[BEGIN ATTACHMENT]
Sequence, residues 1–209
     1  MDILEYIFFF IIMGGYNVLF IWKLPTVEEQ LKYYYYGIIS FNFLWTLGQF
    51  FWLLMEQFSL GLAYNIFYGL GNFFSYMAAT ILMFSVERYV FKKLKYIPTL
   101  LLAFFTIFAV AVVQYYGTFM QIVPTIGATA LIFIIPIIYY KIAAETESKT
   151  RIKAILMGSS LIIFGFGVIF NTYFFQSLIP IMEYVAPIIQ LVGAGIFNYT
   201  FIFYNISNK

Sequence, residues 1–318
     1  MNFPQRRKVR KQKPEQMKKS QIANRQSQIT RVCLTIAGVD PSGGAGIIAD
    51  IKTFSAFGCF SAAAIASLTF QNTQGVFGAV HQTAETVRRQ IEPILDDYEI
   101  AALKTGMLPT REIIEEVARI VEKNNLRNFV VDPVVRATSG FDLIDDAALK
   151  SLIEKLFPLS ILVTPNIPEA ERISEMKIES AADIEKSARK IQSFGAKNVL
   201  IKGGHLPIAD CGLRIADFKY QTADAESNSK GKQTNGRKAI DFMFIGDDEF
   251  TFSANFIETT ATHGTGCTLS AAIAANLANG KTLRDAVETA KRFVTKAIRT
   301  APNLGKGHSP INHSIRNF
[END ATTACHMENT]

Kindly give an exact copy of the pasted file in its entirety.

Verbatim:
Sequence, residues 1–209
     1  MDILEYIFFF IIMGGYNVLF IWKLPTVEEQ LKYYYYGIIS FNFLWTLGQF
    51  FWLLMEQFSL GLAYNIFYGL GNFFSYMAAT ILMFSVERYV FKKLKYIPTL
   101  LLAFFTIFAV AVVQYYGTFM QIVPTIGATA LIFIIPIIYY KIAAETESKT
   151  RIKAILMGSS LIIFGFGVIF NTYFFQSLIP IMEYVAPIIQ LVGAGIFNYT
   201  FIFYNISNK

Sequence, residues 1–318
     1  MNFPQRRKVR KQKPEQMKKS QIANRQSQIT RVCLTIAGVD PSGGAGIIAD
    51  IKTFSAFGCF SAAAIASLTF QNTQGVFGAV HQTAETVRRQ IEPILDDYEI
   101  AALKTGMLPT REIIEEVARI VEKNNLRNFV VDPVVRATSG FDLIDDAALK
   151  SLIEKLFPLS ILVTPNIPEA ERISEMKIES AADIEKSARK IQSFGAKNVL
   201  IKGGHLPIAD CGLRIADFKY QTADAESNSK GKQTNGRKAI DFMFIGDDEF
   251  TFSANFIETT ATHGTGCTLS AAIAANLANG KTLRDAVETA KRFVTKAIRT
   301  APNLGKGHSP INHSIRNF